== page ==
Lest we be tempted to think that engineered inequity is a problem “over there,” just recall Donald Trump’s idea to register all Muslims in the United States on an electronic database – not to mention companies like Facebook, Google, and Instagram, which already collect the type of data employed in China’s social credit system. Facebook has even patented a scoring system, though it hedges when asked whether it will ever develop it further. Even as distinct histories, politics, and social hierarchies shape the specific convergence of innovation and inequity in different contexts, it is common to observe, across this variation, a similar deployment of buzzwords, platitudes, and promises.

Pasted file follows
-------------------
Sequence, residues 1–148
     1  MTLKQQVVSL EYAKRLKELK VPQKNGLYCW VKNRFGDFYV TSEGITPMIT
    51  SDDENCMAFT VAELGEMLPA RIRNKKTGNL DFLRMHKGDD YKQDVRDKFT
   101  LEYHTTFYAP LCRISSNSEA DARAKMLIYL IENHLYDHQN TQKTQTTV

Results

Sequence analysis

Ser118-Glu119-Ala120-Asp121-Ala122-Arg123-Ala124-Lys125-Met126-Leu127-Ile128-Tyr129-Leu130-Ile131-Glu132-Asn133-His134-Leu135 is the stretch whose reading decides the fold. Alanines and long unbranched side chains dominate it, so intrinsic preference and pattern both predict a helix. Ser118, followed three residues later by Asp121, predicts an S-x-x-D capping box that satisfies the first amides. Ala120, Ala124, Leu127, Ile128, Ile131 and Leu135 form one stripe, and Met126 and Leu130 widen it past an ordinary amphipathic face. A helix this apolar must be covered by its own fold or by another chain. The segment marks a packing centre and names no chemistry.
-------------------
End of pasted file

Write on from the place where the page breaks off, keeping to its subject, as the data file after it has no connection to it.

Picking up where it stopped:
What sets China apart (for now) is that all those tracked behaviors are already being rated and folded into a “citizen score” that opens or shuts doors, depending on one’s ranking.56 People are given low marks for political misdeeds such as “spreading rumors” about government officials, for financial misdeeds such as failing to pay a court fine, or social misdeeds such as spending too much time playing video games. A low score brings on a number of penalties and restrictions, barring people from opportunities such as a job or a mortgage and prohibiting certain purchases, for example plane tickets or train passes.57 The chief executive of one of the companies that pioneered the scoring system says that it “will ensure that the bad people in society don’t have a place to go, while good people can move freely and without